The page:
Instead, I want to talk about the answer, which I think comes in two parts. And my contention is that the industry only ever talks about the first part, and does it in such an over-simplified way that it obscures and obstructs the second, equally important, part.
Briefly, the first part is diversity. And the second part is cognitive empathy.
4. Slightly less briefly
Both parts became clearer to me while flicking through The Copy Book recently.
One jarring aspect of the book (certainly in its 1995 form) is the preponderance of white male writers—something that has been partially rebalanced over the years. But it’s quite possible to look at the original line-up, cross-reference it with all the talk of ‘seeing the reader’s point of view’, and conclude that this is a highly cancellable book. How can these people presume to see multiple perspectives when they come from such a narrow range themselves?
That goes to the first part of the answer: diversity. It has rightly been the focus of much attention in recent years. One way for advertising to break out of its bubble is to bring a wider range of people in—and give them good reasons to stay in.
The over-simplification comes in addressing only the forms of diversity that show up in the team photos—and perpetuating or exacerbating other inequities as a result. The original line-up in The Copy Book may have been narrow on race and gender, but it almost certainly contained a greater diversity of class and educational background than any equivalent line-up today—when we are confronted by confounding statistics, such as 69% of BAME people (an outdated term) in advertising having been privately educated, according to the 2020 IPA census. It should be possible to make progress on more than one front at once, but class and educational background are undoubtedly key variables when it comes to writing for a mass market.
Similarly, I’ve no idea how the Copy Book line-up would rate in terms of neurodiversity, sexual orientation, political leaning, religious belief and all the lesser factors that have a surprisingly significant impact on life outcomes—height, good looks, levels of introversion and extroversion. But I do know that achieving truly representative diversity across all these dimensions is a goal you have to strive towards in the knowledge you can never totally succeed. There will never come a day when every agency has the exact proportional mix of all these groups reflected faithfully in its workforce—and even one that did would only have found half the answer.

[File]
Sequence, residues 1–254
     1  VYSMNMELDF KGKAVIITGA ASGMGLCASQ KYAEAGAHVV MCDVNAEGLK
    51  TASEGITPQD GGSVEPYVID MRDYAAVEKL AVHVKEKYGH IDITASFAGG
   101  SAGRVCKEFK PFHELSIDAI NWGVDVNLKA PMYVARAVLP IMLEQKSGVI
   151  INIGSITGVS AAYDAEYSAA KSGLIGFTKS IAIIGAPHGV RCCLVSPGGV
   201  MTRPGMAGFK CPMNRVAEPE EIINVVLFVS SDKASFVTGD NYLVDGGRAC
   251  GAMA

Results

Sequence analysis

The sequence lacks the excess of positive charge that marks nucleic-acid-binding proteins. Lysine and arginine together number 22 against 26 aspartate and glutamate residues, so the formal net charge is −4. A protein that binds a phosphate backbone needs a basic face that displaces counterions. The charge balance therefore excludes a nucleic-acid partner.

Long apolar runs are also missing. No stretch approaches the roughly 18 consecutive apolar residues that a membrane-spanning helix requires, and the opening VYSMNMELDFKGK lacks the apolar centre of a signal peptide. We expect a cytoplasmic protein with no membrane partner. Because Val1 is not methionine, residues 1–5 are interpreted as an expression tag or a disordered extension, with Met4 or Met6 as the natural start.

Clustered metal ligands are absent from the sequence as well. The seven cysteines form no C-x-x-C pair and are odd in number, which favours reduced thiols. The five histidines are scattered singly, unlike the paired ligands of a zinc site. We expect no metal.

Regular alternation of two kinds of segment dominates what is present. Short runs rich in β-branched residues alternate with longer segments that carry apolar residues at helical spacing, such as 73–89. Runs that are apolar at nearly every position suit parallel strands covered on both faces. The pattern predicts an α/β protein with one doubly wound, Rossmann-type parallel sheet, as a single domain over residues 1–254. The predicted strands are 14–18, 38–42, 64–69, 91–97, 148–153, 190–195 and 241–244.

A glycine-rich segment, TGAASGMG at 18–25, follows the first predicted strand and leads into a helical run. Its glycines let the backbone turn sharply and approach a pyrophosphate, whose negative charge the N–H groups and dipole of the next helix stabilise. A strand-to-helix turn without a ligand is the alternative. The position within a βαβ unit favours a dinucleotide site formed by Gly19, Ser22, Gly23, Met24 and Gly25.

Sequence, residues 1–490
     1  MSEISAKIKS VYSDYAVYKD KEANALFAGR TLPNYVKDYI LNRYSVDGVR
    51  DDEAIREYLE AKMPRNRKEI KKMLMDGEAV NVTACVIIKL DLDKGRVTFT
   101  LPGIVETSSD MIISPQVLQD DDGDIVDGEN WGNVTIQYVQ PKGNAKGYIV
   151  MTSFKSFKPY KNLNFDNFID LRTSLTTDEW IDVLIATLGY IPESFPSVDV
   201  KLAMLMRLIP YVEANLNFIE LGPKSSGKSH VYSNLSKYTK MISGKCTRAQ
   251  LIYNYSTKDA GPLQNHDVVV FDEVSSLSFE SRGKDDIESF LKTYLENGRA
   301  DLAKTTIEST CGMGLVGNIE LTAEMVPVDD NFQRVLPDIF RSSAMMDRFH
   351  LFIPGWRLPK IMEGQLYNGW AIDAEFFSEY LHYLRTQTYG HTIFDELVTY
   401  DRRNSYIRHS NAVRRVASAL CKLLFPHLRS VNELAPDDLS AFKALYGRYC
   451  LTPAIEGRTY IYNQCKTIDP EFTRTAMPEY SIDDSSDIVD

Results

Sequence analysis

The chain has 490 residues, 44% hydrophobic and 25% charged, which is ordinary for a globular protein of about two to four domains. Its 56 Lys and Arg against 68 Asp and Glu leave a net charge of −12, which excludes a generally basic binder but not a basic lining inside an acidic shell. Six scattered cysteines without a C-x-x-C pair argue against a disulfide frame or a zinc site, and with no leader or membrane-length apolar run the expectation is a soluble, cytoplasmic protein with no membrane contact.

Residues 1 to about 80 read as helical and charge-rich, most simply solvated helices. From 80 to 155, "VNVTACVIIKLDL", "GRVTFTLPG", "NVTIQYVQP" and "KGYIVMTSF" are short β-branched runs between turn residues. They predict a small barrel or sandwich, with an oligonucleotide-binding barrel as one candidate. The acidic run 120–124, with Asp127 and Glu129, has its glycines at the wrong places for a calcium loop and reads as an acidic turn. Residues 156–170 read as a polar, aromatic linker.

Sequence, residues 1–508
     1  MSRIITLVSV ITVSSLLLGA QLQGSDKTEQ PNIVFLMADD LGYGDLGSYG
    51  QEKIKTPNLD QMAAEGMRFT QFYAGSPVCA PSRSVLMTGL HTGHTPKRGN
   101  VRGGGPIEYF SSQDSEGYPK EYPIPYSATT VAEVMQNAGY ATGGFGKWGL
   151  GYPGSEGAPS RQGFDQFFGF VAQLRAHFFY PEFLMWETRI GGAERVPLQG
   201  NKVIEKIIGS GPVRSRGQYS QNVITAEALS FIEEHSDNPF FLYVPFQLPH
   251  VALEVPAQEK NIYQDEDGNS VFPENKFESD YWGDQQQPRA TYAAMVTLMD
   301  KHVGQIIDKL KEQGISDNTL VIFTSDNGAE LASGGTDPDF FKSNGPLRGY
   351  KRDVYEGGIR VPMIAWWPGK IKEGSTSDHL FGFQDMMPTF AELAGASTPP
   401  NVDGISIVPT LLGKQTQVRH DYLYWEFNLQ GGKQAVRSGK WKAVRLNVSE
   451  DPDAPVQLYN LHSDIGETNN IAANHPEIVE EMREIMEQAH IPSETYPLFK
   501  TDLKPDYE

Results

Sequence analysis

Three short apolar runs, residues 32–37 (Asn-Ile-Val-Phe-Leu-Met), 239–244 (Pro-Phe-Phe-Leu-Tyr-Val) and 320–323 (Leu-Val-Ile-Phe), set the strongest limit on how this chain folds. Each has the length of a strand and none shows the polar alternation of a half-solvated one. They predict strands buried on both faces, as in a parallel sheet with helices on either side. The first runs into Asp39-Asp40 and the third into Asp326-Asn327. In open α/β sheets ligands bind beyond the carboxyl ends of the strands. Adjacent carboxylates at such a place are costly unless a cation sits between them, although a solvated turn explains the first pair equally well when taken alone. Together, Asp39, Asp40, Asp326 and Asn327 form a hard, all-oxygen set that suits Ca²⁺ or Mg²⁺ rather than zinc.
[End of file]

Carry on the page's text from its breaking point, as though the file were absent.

5. Slightly less briefly (continued)
The other half is to nurture the skill that enables people to reach beyond the bounds of their immediate identity group, which is ultimately a group of one. One paradox in the diversity conversation is that people say ‘If you want to market to us, then hire us’—implying that the individual can be taken as representative of the group. But the same people rightly object if they are hired and treated as the go-to expert for their identity group—implying that no individual can, or should be expected to, represent anyone but themselves.
Both halves of the paradox contain some truth. It’s self-evidently the case that life experience (what we now call lived experience) is a valuable source of insight—and much of this maps onto identity-based groups. If you’re selling sanitary pads to teenage girls, it may help to have been one yourself at some point. But equally, it’s patronising to hand the project to the all-female team because ‘they’re bound to get this stuff’. There’s no firm middle ground between those points. Lived experience matters, but in relation to any given individual, the realm of unlived experience will always be immeasurably larger. And all human interaction is an attempt to reach into that realm and make a connection—however imperfect, contextual and fleeting.
Cognitive empathy is the skill that allows people to do that successfully. But it’s not a mystical gift that is innate to some and not others. It’s a combination of method and something close to mindfulness. Some of the writers in The Copy Book describe the mechanical process of having conversations, doing research, visiting the factory floor, or standing around in a supermarket. All those inputs get fed into a way of thinking that is inherently imaginative. You’re continually doing something that the strictest exponents of identity politics would say is either impossible or problematic: trying to identify meaningfully with someone who isn’t you.
6. A perspective shift
One copywriter not featured in The Copy Book (maybe because he described himself primarily as an art director) is John Webster. I remember seeing this Guardian ad by him when I was 14.
The public-information-film style might feel dated now, but the message remains powerful: a simple parable about not rushing to judgment, not succumbing to confirmation bias, consciously taking into account that there might be other aspects of the story that you’re not appreciating. To teenage me, it felt like genuine wisdom inserted into an ad break.